WASHINGTON, D.C. — The Justice Department’s top prosecutor for election crimes, Richard Pilger, announced on Monday he will step down from his post in a letter to colleagues obtained by The Associated Press.
Pilger’s resignation came just hours after Attorney General William Barr issued a directive to federal prosecutors to investigate “specific allegations” of voter fraud before certifying the results of the 2020 elections. Barr did not identify any specific instances of purported fraud in the memo.
In his letter, Pilger implied that he could no longer perform his job in good conscience following Barr’s memo.
“Having familiarized myself with the new policy and its ramifications, and in accord with the best tradition of the John C. Keeney Award for Exceptional Integrity and Professionalism (my most cherished Departmental recognition), I must regretfully resign from my role as Director of the Election Crimes Branch,” the letter read in part, according to NBC News.
“I have enjoyed very much working with you for over a decade to aggressively and diligently enforce federal criminal election law, policy, and practice without partisan fear or favor,” Pilger reportedly continued. “I thank you for your support in that effort.”
The former director of the Election Crimes Branch is still expected to remain as an attorney within the Justice Department’s criminal division.
Generally, Justice Department policy is “not to conduct overt investigations, including interviews with individual voters, until after the outcome of the election allegedly affected by the fraud is certified.”
Pilger acknowledged the abrupt departure from DOJ policy in his resignation letter, saying the attorney general had issued "an important new policy abrogating the forty-year-old Non-Interference Policy for ballot fraud investigations in the period prior to elections becoming certified and uncontested,” per a portion of the letter published by CNN.
But Barr argued in the memo, which was first published by the New York Times on Monday, that concerns such acts could inadvertently impact an election are minimized once voting has concluded and that, in some cases, investigations could not be delayed until the election is certified.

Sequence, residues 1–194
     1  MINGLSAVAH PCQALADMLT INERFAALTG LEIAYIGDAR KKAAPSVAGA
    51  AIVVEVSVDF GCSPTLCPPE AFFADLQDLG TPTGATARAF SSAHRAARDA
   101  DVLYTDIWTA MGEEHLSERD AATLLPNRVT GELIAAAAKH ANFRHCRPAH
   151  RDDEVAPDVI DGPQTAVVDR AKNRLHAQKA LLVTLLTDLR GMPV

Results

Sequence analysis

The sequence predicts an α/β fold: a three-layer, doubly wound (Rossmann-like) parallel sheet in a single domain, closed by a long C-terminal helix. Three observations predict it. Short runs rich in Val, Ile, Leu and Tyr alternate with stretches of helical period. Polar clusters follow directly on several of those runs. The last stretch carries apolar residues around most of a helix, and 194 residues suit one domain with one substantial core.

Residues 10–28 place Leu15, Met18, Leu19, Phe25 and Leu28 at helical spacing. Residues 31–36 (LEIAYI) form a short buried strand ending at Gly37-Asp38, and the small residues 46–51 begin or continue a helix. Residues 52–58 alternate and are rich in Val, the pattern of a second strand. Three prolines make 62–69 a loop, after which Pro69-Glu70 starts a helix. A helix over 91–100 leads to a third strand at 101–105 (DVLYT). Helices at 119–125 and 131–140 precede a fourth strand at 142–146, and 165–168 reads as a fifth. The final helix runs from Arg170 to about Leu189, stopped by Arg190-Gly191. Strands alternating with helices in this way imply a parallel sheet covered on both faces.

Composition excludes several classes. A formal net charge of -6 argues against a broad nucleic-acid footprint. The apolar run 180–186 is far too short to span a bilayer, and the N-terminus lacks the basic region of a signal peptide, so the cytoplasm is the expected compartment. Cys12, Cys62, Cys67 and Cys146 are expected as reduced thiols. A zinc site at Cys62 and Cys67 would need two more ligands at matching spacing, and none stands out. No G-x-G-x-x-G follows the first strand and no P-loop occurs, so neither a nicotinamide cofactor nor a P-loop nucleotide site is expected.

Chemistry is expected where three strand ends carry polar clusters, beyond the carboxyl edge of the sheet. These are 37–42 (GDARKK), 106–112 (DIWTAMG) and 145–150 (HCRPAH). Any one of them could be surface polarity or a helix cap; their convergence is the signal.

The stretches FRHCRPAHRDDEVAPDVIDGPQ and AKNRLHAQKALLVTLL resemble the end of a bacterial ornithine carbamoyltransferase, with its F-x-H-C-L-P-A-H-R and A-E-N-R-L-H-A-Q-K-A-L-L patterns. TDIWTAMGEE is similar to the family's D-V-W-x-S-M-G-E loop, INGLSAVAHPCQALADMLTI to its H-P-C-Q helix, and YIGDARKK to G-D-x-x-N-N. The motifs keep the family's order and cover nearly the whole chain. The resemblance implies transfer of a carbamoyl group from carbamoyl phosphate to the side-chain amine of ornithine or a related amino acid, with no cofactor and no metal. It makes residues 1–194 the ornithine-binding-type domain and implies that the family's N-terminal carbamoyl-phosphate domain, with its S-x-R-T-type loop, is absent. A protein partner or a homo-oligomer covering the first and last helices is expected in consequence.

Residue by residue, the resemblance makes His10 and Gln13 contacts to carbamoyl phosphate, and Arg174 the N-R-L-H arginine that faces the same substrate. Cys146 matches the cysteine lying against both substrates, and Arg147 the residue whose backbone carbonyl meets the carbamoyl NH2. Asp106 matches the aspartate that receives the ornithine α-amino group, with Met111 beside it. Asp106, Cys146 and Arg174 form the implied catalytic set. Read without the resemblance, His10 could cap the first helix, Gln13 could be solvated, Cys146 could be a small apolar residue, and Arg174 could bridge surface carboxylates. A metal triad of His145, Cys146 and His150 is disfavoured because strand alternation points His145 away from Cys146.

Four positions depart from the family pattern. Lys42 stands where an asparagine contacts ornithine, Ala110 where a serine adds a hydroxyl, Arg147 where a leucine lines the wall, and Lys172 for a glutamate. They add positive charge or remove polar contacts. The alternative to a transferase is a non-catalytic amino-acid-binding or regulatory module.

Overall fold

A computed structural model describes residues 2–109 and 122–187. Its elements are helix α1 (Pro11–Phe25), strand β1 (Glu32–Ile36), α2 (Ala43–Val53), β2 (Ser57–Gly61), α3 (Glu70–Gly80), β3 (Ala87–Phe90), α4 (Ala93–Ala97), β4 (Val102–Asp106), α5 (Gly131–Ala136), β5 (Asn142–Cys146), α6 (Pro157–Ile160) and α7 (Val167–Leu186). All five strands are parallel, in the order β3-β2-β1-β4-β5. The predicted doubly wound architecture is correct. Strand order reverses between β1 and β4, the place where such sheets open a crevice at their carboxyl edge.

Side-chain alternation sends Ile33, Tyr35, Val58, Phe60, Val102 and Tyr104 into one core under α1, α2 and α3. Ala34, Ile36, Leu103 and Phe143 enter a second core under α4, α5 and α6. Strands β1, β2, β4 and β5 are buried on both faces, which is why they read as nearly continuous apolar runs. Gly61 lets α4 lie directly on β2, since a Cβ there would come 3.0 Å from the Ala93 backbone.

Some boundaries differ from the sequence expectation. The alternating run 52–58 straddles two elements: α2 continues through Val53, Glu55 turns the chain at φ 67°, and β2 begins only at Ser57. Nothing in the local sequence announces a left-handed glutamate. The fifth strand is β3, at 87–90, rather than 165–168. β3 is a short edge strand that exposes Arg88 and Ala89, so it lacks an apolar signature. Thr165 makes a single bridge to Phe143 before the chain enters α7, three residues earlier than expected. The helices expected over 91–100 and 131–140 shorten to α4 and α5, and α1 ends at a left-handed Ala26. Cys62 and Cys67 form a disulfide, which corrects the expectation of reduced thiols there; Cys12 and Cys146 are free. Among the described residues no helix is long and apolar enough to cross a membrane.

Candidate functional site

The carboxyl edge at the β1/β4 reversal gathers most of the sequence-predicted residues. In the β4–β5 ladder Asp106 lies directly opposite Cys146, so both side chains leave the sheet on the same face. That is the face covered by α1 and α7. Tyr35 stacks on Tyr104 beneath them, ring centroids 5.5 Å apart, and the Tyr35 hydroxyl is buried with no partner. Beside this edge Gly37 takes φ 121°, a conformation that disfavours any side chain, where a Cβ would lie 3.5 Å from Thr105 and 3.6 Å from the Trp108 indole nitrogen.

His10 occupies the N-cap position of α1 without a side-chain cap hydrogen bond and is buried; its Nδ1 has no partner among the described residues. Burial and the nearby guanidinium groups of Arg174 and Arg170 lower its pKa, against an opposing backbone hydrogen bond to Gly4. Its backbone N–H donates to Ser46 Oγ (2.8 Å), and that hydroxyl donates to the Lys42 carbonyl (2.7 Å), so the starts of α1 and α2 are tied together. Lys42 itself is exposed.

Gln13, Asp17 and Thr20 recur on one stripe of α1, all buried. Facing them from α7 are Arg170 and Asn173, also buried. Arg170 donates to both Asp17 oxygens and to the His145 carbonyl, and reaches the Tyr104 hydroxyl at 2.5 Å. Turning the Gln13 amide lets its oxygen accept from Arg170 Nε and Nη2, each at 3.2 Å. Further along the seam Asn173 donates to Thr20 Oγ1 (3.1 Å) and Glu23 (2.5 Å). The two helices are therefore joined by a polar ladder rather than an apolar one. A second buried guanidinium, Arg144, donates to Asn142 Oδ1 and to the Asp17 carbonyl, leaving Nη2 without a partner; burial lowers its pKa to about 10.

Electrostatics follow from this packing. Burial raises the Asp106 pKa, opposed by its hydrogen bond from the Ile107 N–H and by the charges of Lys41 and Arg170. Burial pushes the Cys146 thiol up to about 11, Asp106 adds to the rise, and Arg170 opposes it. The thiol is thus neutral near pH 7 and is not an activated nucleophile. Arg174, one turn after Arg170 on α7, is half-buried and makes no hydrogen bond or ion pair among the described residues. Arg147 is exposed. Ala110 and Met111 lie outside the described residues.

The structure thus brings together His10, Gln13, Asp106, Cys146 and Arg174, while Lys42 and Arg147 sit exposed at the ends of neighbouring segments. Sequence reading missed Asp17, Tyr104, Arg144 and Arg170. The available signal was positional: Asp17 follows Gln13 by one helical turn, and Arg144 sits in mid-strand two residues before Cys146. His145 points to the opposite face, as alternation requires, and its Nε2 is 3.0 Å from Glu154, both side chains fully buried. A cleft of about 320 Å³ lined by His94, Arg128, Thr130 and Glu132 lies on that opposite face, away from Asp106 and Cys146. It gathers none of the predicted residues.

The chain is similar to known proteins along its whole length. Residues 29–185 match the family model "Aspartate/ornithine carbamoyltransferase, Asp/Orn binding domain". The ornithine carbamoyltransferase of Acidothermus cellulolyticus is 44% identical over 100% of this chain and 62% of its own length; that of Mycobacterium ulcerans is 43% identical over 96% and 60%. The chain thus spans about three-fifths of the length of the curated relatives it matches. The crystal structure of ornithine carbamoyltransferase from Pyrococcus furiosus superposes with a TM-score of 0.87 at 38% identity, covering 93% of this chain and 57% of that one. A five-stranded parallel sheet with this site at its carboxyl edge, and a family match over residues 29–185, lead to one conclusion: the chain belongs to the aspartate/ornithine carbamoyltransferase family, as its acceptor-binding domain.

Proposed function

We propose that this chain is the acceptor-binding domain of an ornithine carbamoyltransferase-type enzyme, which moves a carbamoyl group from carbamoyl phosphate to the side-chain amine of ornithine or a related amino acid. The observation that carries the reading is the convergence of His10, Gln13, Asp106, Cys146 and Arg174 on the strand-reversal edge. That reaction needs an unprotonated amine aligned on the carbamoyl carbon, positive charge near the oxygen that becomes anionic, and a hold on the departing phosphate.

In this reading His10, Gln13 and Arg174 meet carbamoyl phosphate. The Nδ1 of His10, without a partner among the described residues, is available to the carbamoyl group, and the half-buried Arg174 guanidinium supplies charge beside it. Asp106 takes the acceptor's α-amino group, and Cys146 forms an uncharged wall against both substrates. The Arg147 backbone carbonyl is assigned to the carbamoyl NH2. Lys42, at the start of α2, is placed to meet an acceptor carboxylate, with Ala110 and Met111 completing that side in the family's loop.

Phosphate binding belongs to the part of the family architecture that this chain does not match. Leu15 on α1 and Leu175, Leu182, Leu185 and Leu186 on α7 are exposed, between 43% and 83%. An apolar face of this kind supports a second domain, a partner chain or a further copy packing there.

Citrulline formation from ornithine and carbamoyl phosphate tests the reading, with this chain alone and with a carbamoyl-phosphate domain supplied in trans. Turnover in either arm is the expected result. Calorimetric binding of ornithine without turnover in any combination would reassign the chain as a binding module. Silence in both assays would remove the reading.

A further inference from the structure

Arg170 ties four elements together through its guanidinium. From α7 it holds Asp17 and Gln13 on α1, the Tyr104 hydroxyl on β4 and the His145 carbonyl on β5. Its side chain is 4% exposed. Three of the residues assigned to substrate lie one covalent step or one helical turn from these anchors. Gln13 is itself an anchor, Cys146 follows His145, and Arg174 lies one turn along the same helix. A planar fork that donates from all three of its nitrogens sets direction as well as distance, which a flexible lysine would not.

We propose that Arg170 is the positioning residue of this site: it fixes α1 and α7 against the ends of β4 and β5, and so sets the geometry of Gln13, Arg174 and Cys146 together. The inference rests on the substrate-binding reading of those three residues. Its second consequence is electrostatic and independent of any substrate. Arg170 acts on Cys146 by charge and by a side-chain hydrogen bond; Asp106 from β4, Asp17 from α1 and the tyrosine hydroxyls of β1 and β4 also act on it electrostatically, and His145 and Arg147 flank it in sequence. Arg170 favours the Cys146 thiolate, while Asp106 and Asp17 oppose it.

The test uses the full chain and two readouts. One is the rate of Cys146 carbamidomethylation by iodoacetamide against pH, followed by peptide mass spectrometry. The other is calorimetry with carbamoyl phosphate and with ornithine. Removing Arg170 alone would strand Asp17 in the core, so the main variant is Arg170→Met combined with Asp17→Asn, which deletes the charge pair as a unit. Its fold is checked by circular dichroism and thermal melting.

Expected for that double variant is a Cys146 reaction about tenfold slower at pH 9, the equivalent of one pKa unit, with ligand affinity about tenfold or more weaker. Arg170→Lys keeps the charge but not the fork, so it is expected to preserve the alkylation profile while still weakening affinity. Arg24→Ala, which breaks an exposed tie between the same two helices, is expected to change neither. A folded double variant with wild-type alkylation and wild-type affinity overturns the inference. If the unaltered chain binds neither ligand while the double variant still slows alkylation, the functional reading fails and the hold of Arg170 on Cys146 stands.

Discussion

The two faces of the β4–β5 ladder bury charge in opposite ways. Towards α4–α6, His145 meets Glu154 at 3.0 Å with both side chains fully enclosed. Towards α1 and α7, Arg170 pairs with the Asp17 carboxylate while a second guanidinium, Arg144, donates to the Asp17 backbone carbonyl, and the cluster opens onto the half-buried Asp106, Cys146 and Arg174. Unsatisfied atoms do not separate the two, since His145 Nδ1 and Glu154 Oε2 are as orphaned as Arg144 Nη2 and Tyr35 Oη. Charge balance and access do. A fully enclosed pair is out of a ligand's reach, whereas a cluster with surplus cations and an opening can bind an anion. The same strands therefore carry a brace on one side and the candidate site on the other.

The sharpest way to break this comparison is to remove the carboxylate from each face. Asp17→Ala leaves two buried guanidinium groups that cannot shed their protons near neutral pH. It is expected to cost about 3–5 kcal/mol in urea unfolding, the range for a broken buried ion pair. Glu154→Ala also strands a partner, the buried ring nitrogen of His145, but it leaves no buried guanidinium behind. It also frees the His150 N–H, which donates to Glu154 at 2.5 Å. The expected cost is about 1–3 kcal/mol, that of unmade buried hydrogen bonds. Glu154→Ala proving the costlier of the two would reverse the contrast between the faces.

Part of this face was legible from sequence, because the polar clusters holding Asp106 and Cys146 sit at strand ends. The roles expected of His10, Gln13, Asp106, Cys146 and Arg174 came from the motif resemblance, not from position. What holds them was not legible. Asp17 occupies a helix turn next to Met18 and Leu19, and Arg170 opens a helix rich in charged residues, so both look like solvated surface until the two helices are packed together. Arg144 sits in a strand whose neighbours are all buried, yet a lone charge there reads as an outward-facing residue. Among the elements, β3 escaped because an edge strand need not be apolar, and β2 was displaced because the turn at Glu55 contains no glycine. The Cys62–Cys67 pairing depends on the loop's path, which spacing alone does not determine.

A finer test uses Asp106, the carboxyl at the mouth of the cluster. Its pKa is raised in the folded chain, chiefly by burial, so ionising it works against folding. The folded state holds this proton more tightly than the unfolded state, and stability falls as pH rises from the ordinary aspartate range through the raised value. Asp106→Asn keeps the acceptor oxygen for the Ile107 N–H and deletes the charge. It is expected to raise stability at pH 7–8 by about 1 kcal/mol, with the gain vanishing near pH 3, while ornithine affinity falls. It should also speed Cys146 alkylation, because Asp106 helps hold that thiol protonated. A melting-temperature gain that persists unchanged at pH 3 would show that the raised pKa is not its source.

Despite writing that “most allegations of purported election misconduct are of such a scale that they would not impact the outcome of an election,” Barr also contended “that is not always the case.”
“...I authorize you to pursue substantial allegations of voting and vote tabulation irregularities prior to the certification of elections in your jurisdictions in certain cases, as I have already done in specific instances,” Barr’s memo continued in part. “Such inquiries and reviews may be conducted if there are clear and apparently-credible allegations of irregularities that, if true, could potentially impact the outcome of a federal election in an individual State.”
Typically, federal prosecutors are barred from taking outward steps — like questioning witnesses or obtaining subpoenas — in order to open a criminal investigation into elections until after results have been certified, so as to ensure the unbiased integrity of the final results. And while smaller investigative steps are traditionally allowed, they do require special permissions from government officials in the department’s Criminal Division.
Barr’s memo effectively ended this stopgap, allowing federal prosecutors to submit their requests directly to the attorney general’s office — a system previously upheld in order to prevent election interference from the political party in power.
Barr, a loyal ally of President Donald Trump, helped broadcast Trump’s claims of voter fraud before the election, attacking mail-in voting as prone to undue influence and coercion, despite multiple studies debunking the notion of pervasive voter fraud in general and in the vote-by-mail process.
President Trump has not conceded the election to presumed president-elect Joe Biden, instead filing numerous lawsuits in several key swing states aimed at questioning or stopping the tabulation of votes.
A Justice Department official said Barr had not been asked by Trump, anyone else at the White House or any lawmakers to issue the memo. The official could not discuss the matter publicly and spoke to the AP on condition of anonymity.
Barr did, however, meet with fellow Trump ally and Senate Majority Leader Mitch McConnell on Capitol Hill Monday. The same day, McConnell delivered a fiery address on the senate floor where he said the president is "100 percent within his rights to look into allegations of irregularities and weigh his legal options.”
Neither McConnell nor Barr answered shouted questions by reporters following their closed-door meeting.
The Associated Press contributed to this report.